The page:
We have gotten so polarized as a nation over politics that not even the Tokyo Olympics could unify Americans. After years of ratcheting up our defenses, the games themselves were often politicized. With a global, once-in-a-century pandemic, we can’t stay entrenched in our fighting corners, though. There is too much work to be done.
How can we make strides? There are grumblings that we need someone non-political, someone who Americans largely trust, to help us navigate the latest national split concerning COVID-19 vaccines. Specifically, how we can get more people vaccinated?
We need someone with the trust-factor Oprah had during her 25-year syndicated show run. Americans from all ages and backgrounds flocked to get Oprah’s Book Club picks and “favorite things,” but we trusted her with more serious matters too. There was no arm-twisting when she offered advice; there was no forcing of anything because people trusted her.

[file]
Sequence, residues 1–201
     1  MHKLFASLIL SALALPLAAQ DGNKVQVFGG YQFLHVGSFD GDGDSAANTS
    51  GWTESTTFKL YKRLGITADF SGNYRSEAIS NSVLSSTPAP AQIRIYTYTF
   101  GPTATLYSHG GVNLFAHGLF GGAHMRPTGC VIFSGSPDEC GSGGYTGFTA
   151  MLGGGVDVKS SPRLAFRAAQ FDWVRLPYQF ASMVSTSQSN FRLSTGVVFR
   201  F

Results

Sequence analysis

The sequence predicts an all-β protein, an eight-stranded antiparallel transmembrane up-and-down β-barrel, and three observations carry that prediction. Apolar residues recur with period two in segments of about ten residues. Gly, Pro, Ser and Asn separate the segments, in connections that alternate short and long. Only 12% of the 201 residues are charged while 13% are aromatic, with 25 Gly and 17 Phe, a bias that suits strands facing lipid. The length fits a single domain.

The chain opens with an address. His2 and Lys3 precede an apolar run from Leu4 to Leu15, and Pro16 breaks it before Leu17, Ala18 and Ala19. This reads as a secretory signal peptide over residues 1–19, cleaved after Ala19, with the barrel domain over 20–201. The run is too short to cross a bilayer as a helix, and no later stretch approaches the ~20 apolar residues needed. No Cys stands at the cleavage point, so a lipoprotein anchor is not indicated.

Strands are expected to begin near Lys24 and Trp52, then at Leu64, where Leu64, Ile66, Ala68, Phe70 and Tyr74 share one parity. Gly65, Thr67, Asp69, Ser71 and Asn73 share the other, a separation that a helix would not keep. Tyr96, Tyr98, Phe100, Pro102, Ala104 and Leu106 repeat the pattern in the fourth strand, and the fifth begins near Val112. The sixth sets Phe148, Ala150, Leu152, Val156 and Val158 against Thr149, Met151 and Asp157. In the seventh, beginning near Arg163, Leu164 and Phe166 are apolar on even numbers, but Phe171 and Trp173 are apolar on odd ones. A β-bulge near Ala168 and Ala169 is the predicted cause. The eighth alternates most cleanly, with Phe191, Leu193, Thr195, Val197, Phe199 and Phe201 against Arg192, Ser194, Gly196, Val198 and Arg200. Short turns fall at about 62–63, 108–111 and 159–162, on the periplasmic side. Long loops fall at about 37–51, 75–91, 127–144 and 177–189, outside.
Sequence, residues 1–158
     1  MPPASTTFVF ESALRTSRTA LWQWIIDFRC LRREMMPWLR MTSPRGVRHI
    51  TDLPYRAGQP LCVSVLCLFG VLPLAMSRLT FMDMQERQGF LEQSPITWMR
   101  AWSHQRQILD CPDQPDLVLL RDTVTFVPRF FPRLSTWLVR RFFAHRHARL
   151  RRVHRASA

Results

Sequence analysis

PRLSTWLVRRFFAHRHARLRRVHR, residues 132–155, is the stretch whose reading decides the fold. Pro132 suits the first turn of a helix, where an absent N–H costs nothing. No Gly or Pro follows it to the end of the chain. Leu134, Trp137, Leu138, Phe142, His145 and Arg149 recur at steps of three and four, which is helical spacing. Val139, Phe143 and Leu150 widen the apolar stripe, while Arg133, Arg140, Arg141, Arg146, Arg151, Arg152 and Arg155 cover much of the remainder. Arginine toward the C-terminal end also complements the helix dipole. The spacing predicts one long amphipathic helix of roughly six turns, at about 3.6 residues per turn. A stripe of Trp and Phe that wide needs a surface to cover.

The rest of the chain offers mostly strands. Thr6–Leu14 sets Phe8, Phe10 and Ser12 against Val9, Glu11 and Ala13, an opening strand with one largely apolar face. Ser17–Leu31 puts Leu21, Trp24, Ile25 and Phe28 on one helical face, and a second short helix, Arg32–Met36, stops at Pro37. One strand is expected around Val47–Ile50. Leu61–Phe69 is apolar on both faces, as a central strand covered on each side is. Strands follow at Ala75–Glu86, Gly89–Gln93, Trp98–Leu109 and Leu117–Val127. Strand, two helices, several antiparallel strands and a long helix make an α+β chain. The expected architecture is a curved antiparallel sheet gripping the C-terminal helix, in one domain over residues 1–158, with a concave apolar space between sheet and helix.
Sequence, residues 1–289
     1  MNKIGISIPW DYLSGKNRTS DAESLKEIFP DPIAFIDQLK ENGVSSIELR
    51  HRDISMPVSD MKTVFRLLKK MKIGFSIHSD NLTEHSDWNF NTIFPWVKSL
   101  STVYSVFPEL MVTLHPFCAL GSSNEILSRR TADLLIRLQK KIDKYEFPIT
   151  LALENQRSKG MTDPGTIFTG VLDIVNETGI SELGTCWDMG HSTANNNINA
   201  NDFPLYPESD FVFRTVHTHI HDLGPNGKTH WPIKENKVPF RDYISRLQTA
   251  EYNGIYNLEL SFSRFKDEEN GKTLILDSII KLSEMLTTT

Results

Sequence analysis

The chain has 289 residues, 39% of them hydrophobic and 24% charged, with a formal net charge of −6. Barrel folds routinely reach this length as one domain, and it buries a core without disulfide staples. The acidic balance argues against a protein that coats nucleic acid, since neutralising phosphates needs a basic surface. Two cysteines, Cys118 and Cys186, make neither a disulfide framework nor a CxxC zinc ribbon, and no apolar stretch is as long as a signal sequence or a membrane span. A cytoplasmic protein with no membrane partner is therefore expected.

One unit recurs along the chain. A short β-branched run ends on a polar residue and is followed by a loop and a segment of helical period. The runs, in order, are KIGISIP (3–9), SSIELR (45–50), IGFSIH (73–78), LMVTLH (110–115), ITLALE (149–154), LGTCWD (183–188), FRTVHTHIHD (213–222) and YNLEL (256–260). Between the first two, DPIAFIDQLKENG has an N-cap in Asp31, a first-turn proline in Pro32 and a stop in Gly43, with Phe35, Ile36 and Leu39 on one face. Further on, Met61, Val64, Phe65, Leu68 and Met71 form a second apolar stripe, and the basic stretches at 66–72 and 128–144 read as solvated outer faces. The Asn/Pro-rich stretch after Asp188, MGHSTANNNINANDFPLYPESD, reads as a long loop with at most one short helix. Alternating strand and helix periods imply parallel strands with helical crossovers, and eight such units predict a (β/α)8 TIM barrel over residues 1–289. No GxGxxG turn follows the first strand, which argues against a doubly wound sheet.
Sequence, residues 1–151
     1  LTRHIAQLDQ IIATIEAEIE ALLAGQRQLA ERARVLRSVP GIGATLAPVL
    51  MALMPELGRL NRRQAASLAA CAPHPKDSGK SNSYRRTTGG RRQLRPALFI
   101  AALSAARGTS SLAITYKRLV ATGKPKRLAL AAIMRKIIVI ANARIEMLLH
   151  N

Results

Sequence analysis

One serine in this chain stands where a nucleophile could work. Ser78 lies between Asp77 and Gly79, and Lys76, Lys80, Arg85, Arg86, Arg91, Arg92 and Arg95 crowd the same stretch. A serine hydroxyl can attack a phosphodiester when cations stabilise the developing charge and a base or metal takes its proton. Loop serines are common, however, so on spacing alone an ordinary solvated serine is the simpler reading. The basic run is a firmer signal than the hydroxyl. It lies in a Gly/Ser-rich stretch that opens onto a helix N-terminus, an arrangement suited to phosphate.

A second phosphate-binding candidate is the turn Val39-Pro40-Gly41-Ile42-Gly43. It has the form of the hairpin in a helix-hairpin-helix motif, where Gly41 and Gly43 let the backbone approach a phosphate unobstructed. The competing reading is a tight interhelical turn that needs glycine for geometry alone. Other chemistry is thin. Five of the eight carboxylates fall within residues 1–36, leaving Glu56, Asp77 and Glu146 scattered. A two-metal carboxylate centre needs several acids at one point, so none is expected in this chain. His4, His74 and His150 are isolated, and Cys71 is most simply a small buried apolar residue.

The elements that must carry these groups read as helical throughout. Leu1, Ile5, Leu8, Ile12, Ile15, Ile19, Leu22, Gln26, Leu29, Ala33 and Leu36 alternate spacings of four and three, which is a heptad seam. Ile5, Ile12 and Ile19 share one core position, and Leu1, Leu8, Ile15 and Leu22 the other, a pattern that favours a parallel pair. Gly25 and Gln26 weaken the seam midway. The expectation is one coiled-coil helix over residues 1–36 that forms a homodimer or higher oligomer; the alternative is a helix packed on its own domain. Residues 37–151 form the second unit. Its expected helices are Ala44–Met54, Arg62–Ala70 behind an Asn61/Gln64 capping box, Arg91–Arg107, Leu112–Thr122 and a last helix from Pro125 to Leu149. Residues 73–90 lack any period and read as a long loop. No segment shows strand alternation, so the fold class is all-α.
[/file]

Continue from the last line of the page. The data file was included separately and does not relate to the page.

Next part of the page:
It’s too bad, but not surprising, then that the pandemic has become political. The closest we have is that most leaders agree that the COVID-19 vaccine is curbing deaths and serious illness, but that is where the consensus ends. What’s at stake is whether there should be vaccine mandates or leave it up to people to decide for themselves whether or not to get the vaccine.
If we could find a unifying messenger, more people would get vaccinated. The person we need for the job is Dolly Parton.